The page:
ICRW Gender and Agriculture Experts David Kauck and Rekha Mehra Available for Comment on Symposium on Global Agriculture and Food Security

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The U.S. government on May 20 will unveil its forward-looking implementation initiative to tackle global hunger and food security at the Symposium on Global Agriculture and Food Security. The International Center for Research on Women’s (ICRW) Rekha Mehra, director, economic development, and David Kauck, senior gender and agriculture specialist, are available to comment on what this initiative could mean for low-income women farmers who rely on agriculture to meet their own and their family’s needs and for economic advancement. ICRW is a co-sponsor of the symposium.

International Center for Research on Women

What it means for women: Symposium on Global Agriculture and Food Security

The U.S. government on May 20 will unveil its forward-looking implementation initiative to tackle global hunger and food security at the Symposium on Global Agriculture and Food Security. The International Center for Research on Women’s (ICRW) Rekha Mehra, director, economic development, and David Kauck, senior gender and agriculture specialist, are available to comment on what this initiative could mean for low-income women farmers who rely on agriculture to meet their own and their family’s needs and for economic advancement. ICRW is a co-sponsor of the symposium.

Mehra leads ICRW’s research, program and policy work on agriculture, employment and enterprise development, and property rights. She has more than 25 years of international development programmatic and research experience in 15 developing countries in Africa, Asia and the Caribbean and was a senior gender specialist in the World Bank’s Poverty Reduction and Economic Management Group. Mehra specializes in agriculture and food security; economic empowerment; employment and enterprise development; and assets and property rights.

Kauck is a social scientist, development practitioner and policy analyst with more than 25 years of international experience. His areas of expertise include agricultural development and social change in agrarian societies; food and livelihood security; assessment of the patterns and causes of rural poverty; and public policy and comparative politics.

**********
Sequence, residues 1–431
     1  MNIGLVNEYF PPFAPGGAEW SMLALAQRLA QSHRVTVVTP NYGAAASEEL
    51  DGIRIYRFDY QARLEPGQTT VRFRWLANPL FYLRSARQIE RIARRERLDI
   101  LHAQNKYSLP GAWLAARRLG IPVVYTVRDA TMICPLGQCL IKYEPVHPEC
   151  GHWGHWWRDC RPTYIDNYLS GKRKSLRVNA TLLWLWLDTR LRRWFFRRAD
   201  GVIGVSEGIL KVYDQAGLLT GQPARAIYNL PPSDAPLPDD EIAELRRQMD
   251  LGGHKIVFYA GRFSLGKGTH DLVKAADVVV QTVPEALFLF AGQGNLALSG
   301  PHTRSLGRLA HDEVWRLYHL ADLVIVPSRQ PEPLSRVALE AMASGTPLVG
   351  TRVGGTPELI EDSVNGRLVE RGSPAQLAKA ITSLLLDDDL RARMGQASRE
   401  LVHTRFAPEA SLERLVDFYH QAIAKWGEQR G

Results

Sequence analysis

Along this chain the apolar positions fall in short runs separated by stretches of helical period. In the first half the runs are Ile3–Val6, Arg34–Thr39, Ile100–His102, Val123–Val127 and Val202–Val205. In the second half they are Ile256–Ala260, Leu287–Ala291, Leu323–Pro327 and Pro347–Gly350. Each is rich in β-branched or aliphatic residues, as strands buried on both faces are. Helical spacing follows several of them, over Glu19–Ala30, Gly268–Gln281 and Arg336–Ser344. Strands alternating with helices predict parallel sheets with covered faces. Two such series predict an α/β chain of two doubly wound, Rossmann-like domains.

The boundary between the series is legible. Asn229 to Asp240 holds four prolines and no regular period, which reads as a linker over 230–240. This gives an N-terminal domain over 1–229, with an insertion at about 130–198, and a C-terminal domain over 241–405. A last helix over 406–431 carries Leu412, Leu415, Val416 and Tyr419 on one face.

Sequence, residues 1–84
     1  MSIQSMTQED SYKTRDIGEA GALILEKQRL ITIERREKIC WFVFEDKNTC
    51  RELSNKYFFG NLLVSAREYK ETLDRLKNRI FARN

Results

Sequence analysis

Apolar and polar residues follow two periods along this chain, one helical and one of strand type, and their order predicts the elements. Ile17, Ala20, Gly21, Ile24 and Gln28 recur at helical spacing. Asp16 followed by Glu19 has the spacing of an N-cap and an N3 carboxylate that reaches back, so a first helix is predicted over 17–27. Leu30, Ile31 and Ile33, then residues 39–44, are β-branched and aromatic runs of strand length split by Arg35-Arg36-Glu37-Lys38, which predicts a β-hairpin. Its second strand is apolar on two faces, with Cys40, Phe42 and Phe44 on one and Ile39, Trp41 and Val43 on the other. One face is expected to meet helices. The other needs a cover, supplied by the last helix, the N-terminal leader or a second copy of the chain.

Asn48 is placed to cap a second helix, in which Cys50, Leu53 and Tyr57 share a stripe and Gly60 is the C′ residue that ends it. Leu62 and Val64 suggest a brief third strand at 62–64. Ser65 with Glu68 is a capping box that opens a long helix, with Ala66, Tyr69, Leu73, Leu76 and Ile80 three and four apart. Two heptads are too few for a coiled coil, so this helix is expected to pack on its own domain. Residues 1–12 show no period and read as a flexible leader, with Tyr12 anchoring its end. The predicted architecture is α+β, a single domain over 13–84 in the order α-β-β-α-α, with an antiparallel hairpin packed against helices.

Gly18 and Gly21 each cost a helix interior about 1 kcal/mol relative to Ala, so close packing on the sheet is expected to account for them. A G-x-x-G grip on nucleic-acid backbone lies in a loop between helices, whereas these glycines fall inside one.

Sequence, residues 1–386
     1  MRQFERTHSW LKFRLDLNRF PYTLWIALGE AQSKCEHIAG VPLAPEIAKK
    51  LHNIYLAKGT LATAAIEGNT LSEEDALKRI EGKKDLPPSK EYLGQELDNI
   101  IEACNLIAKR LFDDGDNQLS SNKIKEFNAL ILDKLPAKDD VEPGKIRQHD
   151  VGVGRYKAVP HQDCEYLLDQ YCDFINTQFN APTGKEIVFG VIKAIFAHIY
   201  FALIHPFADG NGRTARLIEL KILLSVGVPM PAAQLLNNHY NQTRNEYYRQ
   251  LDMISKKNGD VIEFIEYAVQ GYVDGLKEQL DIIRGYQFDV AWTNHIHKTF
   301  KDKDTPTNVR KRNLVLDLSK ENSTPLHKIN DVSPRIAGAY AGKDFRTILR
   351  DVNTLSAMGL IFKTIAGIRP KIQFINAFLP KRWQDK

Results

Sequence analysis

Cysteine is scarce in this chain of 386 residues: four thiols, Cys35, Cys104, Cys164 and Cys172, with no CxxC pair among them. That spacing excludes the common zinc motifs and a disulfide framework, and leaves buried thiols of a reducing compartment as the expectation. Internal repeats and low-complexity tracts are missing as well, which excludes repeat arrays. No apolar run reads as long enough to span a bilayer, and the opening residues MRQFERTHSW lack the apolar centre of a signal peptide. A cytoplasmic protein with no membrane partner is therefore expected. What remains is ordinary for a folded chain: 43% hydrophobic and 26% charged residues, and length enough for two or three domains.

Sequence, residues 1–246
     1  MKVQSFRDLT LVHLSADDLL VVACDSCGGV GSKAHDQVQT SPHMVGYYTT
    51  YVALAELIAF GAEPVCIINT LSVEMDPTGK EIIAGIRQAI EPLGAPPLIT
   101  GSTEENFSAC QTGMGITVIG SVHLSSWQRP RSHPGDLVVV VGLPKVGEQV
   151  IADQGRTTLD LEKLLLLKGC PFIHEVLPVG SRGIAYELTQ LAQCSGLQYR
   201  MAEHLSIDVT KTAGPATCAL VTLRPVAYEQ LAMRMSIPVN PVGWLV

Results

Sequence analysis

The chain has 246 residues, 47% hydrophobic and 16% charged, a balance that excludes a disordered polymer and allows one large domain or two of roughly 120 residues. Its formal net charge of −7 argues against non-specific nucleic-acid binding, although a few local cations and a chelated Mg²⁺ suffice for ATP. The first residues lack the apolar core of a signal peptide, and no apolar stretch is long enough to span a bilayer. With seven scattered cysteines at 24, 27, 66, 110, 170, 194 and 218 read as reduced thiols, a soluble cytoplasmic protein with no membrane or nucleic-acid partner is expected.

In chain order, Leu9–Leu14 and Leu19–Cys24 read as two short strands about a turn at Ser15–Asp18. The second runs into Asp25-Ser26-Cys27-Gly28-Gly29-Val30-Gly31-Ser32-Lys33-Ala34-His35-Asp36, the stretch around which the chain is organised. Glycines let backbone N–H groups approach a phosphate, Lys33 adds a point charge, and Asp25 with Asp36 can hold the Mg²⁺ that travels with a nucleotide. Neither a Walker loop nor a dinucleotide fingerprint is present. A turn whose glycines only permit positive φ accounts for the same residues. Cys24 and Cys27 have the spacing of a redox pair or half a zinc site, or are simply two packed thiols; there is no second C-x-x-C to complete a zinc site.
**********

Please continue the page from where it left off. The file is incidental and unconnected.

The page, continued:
Both Kauck and Mehra recently returned from consultations in Kenya where women farmers, the organizations that work with them and local technical experts discussed their needs and what worked to improve their agricultural productivity and marketability.

For more than 30 years, ICRW has explored how and why to involve women in agricultural development efforts as farmers, farm workers, agricultural businesswomen and entrepreneurs. Our research helps development organizations, policymakers and others find practical ways to enhance women’s roles in agricultural production and trade, thereby improving their incomes and livelihoods.

To arrange an interview with Kauck or Mehra, please contact Claire Hunte at 240 755 2703.

Notes to editors:
1. Investing in women farmers promises to yield a double dividend: better food security and greater economic growth. Watch ICRW’s short video “Small Farmers, Big Solutions” on how this can be done by clicking on the link below or cutting and pasting into your browser. http://www.icrw.org/media/multimedia/small-farmers-big-solutions

2. The Symposium on Global Agriculture and Food Security will be held in Washington, D.C., on May 20. All queries about attendance should be directed to Lindsay Iversen at the Chicago Council at liversen(at)thechicagocouncil(dot)org

About the International Center for Research on Women (ICRW)
The International Center for Research on Women is a leading international research organization that works to empower women, advance gender equality and fight poverty in the developing world. To accomplish this, ICRW works with partners in the public and private sectors and civil society to conduct empirical research, build capacity and advocate for evidence-based practical ways to change policies and programs. Learn more about ICRW and its work at http://www.icrw.org.

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